The words were delivered vehemently: “A black nation ruled by a white man!” I might just as well have told him the world was coming to an end. He went on: “A black post-colonial nation still haunted by tragedies of the past voting into power its own slave master?” As far as my friend was concerned, that’s what had just taken place in Saint Lucia.
The notion was hardly original but this time it was expressed by someone not of my island but by a friend who lives in North America; he had seen photos of Saint Lucia’s new prime minister and his family taken at this week’s Swearing-in ceremony at Government House.
I hadn’t given much thought to the colour of Allen Chastanet’s skin, but that didn’t mean it wasn’t at the forefront of other people’s minds. The former Tourism and Civil Aviation Minister wasn’t the first, and certainly will not be the last public official to be thrust centre stage into the not-so-forgiving racial spotlight because of other people’s perceptions of their race and background. Still, I couldn’t shake the feeling that I was missing something.
“Weren’t you the one who once told me some hotels made it difficult for locals to use the beach?” asked my friend, shooting down my explanations as we drove around running errands on a remembered Sunday morning. “Who authorized that?”
The powers that be, I thought but did not say. Meanwhile, in my head I was tossing questions: How many times had Saint Lucians been made to feel we didn’t belong on our own beaches? How real were the expressed fears that more and more of our country was being sold to (white) foreigners?
The streets had been talking throughout the just concluded election campaigns, and had all but gone quiet after the announcement of a United Workers Party victory. Saint Lucians shared their fears via news broadcasts and over the internet. Key among them: outrage over the possibility that the new prime minister would allow the country to be overrun by foreign investors just for the money!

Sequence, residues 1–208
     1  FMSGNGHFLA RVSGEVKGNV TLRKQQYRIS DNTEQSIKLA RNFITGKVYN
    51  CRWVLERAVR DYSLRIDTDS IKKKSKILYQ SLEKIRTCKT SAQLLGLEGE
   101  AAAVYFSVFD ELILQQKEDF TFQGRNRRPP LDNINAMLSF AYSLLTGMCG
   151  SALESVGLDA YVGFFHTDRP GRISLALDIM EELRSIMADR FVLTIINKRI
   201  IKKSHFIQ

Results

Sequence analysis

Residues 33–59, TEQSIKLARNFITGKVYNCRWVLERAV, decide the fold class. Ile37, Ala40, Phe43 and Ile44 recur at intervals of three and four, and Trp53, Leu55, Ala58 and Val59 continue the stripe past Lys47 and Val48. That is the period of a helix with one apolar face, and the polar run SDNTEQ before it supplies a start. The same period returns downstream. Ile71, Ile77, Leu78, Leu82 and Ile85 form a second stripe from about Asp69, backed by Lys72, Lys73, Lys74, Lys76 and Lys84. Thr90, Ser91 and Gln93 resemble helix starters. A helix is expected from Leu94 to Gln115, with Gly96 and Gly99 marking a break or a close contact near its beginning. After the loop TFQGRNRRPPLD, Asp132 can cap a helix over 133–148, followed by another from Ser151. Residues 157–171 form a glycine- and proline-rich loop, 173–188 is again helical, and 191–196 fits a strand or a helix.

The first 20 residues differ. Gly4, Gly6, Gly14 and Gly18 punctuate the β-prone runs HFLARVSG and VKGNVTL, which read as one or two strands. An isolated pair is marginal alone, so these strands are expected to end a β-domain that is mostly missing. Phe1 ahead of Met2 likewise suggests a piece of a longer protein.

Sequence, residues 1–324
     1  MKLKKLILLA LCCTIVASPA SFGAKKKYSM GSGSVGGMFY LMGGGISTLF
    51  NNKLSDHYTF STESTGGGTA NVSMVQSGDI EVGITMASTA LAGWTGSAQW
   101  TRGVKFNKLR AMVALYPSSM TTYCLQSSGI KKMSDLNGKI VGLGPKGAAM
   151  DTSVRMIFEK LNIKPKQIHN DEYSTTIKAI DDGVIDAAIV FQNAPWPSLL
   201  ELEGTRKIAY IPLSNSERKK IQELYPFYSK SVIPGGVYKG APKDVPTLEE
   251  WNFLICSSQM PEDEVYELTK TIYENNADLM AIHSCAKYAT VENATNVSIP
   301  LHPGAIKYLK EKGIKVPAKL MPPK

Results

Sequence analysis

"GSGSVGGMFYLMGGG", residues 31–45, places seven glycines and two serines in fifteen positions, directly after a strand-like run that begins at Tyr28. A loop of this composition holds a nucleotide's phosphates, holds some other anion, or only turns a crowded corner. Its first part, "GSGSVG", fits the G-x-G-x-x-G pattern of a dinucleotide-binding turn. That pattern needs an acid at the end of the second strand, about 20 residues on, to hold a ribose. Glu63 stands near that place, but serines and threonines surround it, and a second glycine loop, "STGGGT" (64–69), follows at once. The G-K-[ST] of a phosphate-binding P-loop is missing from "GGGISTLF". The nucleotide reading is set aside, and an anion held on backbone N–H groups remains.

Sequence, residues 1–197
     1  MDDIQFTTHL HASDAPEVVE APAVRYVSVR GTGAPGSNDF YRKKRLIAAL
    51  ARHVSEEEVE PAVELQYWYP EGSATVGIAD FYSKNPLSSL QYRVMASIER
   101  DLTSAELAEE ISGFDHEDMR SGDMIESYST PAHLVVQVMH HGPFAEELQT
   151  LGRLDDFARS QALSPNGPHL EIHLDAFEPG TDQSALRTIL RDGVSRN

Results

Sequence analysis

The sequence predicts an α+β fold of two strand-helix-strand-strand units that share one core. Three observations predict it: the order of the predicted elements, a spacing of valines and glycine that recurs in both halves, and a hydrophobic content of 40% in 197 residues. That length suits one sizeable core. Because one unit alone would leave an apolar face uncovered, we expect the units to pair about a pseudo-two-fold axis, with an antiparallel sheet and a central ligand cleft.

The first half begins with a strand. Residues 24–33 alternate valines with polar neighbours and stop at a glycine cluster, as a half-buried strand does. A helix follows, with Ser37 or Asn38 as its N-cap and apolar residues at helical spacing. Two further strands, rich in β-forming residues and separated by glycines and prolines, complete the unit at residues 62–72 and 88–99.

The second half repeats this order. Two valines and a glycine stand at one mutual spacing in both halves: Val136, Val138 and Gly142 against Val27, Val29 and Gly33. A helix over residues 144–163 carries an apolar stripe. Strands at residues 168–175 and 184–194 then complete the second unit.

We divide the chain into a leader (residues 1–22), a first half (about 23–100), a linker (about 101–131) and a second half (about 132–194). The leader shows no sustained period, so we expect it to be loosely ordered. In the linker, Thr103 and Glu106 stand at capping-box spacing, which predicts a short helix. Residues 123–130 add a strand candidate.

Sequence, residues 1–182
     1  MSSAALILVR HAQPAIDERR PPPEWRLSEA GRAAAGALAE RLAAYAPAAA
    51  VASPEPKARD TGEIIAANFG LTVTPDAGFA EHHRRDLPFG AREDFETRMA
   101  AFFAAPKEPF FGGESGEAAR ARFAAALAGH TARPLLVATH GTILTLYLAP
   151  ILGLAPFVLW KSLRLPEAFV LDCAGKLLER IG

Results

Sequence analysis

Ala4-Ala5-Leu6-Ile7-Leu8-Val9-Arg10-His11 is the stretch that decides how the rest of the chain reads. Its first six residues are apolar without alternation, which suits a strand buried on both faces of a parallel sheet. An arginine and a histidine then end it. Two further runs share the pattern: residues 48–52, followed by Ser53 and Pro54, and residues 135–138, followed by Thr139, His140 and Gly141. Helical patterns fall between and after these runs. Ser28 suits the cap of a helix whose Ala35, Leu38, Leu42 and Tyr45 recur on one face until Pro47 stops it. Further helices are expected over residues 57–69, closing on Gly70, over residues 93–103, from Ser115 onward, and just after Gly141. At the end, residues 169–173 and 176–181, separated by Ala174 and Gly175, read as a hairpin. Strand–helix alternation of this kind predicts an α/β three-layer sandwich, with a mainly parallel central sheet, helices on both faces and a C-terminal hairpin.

“You better work and you better not sell our country to your foreign investors,” threatened a post on the prime minister’s Facebook wall. “I don’t want that before the end of your only term that I will no longer be able to go to the beach because it’s reserved for tourists. Building hotels is not the only medium for jobs
and revenue. Invest in the people.”
Shortly after that my friend Melissa messaged me: “Don’t people know tourism is an extension of colonialism? Saint Lucia needs to produce more goods. Nothing replaced bananas and sugar, and that’s hurting the country. We can’t rely on something as fickle as tourism to be the main source of revenue for an entire country. Going on vacation is a luxury. If the economy fails, vacation is one of the first things people will sacrifice. But food? That’s needed to survive.”
After this week’s election, a racial and political war of words exploded on the internet. One man described voting in Saint Lucia as a process by which “the lesser of two evils” is elected.
My friend sneered. “The lesser of two evils? So they hand power to the same people who enslaved us?”
Was anger the right reaction to my island’s new reality? Fear? The only feeling I was sure of was hope. But now I found myself confronted by more questions: Were the expectations of so many, including myself, invalid because of the tragic history of these Caribbean islands? Was my desire to see a better future for my home island blinding me to undeniable historic facts?
When I first arrived in Toronto the city was rumbling beneath the surface. I had never before experienced anything like it. Here I felt blacker than usual, as movements such as Black Lives Matter screamed in my ears. I was from the Caribbean, a predominantly black region, and I’d fully expected to find in Canada seas of pale faces and cultures altogether different from my own. I never imagined my blackness would be as relevant as it turned out to be. In Saint Lucia I’d felt a certain resentment and, yes, racism related to my lighter-coloured skin. But in Toronto I was black – plain and simple, with all its vulnerabilities. In subtle and not so hidden ways I felt the racism I’d only read about in novels about life in the South or confronted in Roots. It was heavy and undiluted. I was now part of a new minority.